Monday, April 16, 2018


Tom Curran's Chappaquiddick reexamines the 1969 incident in which (it's believed) Massachusetts Senator and president-hopeful Ted Kennedy drives his car off a bridge in Chappaquiddick, MA, and escapes, leaving passenger & campaign specialist Mary Jo Kopechne to drown.  

The film takes place over a week, starting July 18th, the day of the notorious party on Chappaquiddick and crash.  It includes Mary Jo's funeral, several days of Kennedy, his father, and lawyers wrestling with the PR surrounding the story, and ends with Kennedy's statement to the public.  

The week coincides with Neil Armstrong landing on the moon, noted in the movie.  

Curran reveals a love affair with New England his movie, of which Kennedy-idealization is part and parcel.  To an average viewer, however, he fails to demonstrate how the accident and the demise of Ted's presidential career is a story worth retelling. 

A party on an island in Massachusetts, preceded by a regatta, and hosted by Massachusetts born-and-bred Ted Kennedy--you could not get much more New England than that.  

Curran presents this storyline with much relish, including a real-life photo of the entire Kennedy family at the movie's beginning, when Ted was just a baby, and another postcard shot of a swath of pristine-looking Kennedys surrounding the television set watching the accident unfold on the news. 

The film's awash in other reminders of the time and NE location, including prep-style attire—khakis, sweaters, 60s swimsuits--tea kettles, and one pricelessly idyllic scene in which Ted is on the beach flying a red kite in front of a clear blue sky. 

It doesn't take a soothsayer to predict that Curran is from the NorthEast, and sees in Ted an archetypal all-American guy behind his plethora of shortcoming.

About those shortcomings--Curran spins the liaison between Mary Jo and Ted as purely platonic and professional. The night of the crash they slipped away from the party alone and were out discussing himself and some more about himself. Absolutely no funny business occurred.  Curran omits the fact that Mary Jo was found without her panties on.
Additionally, in presenting no alternative narrative, he accepts as fact Ted's “she's not feeling well” explanation for why his wife wasn't in attendance at the notorious party.  None of the wives of the six married men at the party showed up.  

It was instead attended by the Boiler Room Girls--six unmarried women younger than the men by over a decade. 

Curran's totally deluded in presenting Ted as a faithful husband whose only real fault is heavy drinking. Any idiot can see there's much more to the story. 

The Ted Kennedy Curran presents is a fundamentally self-absorbed and underdeveloped person.  The first words he speaks after Kopechne's death, to his lawyer friends Joe Gargan (Ed Helms) and Paul Markham (Jim Gaffigan), is that he won't be the next president.  The night of the accident Ted tells Mary Jo that his father would have no use for him unless he pursued a serious life; his ambitious career is really about daddy issues. 

The demise of the "big presidential contender" changing the course of history is a phenomenon that happens all. the. time.  Consider Scott Walker dropping out of the 2016 Republican bid after a crowded race and Trump's media domination.  Or Herman Cain's demise after the revelation of extra-marital affairs.  Or Michelle Bachman's notorious Newsweek cover that abetted her eventual decline in polls.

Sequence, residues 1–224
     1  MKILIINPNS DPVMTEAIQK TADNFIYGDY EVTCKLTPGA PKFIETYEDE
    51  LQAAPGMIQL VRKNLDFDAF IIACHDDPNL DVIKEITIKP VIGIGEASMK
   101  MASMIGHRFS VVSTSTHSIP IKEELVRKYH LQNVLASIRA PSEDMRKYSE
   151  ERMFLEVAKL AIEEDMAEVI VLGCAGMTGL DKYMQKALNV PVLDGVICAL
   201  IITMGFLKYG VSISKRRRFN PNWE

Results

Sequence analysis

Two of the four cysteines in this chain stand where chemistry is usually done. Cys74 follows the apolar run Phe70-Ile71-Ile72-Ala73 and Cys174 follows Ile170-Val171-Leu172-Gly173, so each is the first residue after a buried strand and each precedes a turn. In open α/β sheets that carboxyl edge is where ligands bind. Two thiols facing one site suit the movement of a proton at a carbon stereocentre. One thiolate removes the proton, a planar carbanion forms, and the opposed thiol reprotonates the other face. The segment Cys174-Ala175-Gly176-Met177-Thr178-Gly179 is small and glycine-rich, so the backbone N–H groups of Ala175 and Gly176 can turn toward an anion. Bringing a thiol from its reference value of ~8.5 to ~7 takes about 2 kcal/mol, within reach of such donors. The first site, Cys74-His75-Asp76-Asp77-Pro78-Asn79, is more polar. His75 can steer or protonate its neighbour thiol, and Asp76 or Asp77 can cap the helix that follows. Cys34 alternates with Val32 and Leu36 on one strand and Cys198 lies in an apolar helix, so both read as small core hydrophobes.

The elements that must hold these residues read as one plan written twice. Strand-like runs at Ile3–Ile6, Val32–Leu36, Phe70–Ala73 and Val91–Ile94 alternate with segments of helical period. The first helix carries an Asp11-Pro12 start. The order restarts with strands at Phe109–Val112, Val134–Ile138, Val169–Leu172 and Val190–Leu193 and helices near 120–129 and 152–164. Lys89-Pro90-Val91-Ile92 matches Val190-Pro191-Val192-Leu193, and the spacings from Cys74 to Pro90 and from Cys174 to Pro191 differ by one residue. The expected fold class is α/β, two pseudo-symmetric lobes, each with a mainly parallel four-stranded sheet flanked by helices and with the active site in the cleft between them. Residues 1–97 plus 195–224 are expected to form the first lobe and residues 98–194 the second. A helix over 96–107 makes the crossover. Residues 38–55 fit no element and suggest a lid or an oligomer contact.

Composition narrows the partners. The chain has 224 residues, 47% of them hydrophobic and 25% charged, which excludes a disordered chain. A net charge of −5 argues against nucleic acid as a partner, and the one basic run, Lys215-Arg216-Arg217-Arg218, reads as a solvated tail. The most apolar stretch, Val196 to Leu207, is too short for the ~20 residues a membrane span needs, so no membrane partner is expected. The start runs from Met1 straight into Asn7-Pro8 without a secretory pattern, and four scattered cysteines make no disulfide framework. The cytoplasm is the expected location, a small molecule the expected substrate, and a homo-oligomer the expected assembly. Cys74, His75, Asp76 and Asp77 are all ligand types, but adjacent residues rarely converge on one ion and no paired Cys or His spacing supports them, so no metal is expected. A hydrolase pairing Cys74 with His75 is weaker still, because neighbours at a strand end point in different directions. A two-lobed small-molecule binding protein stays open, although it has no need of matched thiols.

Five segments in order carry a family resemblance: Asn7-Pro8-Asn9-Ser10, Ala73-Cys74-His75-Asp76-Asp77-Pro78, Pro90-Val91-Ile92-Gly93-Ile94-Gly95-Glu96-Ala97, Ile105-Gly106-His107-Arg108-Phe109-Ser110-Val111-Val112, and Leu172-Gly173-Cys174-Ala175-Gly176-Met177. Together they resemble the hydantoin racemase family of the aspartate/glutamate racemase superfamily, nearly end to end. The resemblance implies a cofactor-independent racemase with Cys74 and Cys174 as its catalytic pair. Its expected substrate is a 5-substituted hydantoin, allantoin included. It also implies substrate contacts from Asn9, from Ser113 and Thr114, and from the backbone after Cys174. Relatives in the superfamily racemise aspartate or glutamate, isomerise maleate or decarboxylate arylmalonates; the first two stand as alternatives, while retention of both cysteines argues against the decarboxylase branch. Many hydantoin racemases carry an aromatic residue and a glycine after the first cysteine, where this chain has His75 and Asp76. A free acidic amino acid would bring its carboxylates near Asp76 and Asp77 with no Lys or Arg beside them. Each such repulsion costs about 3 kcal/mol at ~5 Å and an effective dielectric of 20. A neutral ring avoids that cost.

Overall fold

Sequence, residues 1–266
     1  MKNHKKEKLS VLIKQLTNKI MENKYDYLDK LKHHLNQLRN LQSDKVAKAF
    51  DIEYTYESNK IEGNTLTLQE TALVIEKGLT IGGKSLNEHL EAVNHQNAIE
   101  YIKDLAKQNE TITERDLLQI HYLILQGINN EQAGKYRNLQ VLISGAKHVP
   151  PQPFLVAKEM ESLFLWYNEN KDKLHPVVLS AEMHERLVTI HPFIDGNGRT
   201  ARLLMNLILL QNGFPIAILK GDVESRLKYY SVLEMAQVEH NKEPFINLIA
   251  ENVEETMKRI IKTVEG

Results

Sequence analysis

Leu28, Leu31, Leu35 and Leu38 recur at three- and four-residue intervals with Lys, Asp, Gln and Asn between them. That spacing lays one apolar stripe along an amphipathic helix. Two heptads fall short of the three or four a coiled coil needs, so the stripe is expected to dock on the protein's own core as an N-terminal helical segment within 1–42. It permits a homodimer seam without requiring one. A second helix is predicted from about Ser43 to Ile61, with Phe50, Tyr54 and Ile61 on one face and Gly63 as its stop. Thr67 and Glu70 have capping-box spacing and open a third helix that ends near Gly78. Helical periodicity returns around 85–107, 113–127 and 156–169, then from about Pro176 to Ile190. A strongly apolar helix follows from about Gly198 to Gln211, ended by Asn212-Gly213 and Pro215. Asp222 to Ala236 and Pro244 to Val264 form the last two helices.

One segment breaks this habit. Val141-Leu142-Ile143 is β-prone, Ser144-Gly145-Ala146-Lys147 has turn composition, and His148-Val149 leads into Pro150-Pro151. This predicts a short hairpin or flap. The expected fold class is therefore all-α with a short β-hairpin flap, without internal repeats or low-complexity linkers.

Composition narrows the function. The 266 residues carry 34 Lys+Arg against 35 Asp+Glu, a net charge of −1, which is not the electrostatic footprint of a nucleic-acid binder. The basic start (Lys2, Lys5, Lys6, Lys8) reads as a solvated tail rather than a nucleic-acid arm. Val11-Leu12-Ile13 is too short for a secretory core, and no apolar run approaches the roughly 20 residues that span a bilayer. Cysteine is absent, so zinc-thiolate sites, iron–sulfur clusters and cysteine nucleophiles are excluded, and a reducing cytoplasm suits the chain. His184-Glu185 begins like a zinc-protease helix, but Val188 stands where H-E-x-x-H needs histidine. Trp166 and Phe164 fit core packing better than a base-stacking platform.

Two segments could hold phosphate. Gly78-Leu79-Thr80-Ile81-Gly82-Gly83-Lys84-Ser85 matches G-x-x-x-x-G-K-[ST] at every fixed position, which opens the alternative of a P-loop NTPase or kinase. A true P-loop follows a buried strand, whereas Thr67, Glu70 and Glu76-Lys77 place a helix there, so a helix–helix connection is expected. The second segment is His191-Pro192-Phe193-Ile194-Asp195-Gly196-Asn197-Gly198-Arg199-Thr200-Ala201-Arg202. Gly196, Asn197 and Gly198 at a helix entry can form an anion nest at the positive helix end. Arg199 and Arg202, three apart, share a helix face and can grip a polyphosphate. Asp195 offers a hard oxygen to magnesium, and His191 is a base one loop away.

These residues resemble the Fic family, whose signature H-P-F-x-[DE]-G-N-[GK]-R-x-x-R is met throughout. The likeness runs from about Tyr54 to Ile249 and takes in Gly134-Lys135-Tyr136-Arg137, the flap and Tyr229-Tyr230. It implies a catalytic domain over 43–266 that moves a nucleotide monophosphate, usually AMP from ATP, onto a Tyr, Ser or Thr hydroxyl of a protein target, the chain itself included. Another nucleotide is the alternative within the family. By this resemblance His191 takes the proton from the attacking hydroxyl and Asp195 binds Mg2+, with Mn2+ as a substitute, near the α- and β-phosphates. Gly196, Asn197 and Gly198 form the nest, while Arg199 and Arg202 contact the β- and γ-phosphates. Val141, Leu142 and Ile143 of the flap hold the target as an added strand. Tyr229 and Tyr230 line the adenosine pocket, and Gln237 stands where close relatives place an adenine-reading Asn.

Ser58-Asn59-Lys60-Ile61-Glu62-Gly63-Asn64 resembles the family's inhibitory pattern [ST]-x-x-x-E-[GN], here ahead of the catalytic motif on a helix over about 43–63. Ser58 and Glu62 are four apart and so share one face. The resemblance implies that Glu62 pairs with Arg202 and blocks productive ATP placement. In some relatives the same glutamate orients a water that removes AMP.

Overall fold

Would we go to see a movie of any of these stories? Or would any of them even ever get made? Perhaps, since we do like to watch irrelevant trash, but other wise they don't bear a lot of merit. (Although a retelling of the Bachman incident would actually be interesting as a demonstration of how media controls elections). 

What Curran entirely left out of this movie, and what it really needed, was any sense of how Ted, in spite of his personal shortcomings, could improve the lives of Americans and serve as an effective leader. 

Consider that documentary Weiner—the creators include scenes of Weiner passionately discussing policy and interacting with voters, making the point that Weiner is a flawed but effective politician.  

All we see of Ted is a coddled hot-mess surrounded by a group of lawyers, family, and PR experts sweating blood to dig him out of his mistakes. What I mean to say is that it's implicit to the director that we're already sold on Ted being a worthy subject matter. But what about someone who isn't so enamored? --Apparently beyond the scope of Curran's imagination.

The movie has a good cast: it's so cool to see Jim Gaffigan acting and in a serious role (he does a good job), Kate Mara is as pretty as ever as Mary Jo, and Ed Helms is excellent as Ted's cousin Joe Gargan—probably the best performance in the movie. This is a a real period piece complete with 60s attire, with perhaps too much Hollywood polish. As for Ted himself--John Clarke is so dark and brooding. Wasn't really crazy about that performance. Bruce Dern as Ted's wheelchair-bound, conniving father was a memorable performance. And of course its awesome to see him in a movie.   

The dark subject matter is accentuated with dark colors, and heavy tonal music. Its obviously a dark story—the main focus of the darkness, however, is Ted's depression over his career, and confusion about who he wants to be and who he is--not the loss or death of a person.  And it's curious that a movie about a woman's death doesn't really pass the Bechtel test—the only lengthy conversation between two women takes place with Kopechne and another of the Boiler Room girls, in which they essentially discuss Mary Jo's opportunity to work for Ted on his presidential campaign.   

I suppose it's good to watch any historical movie, but I wonder who outside of New England was really moved by this story, and resonated with its idealism and loss.

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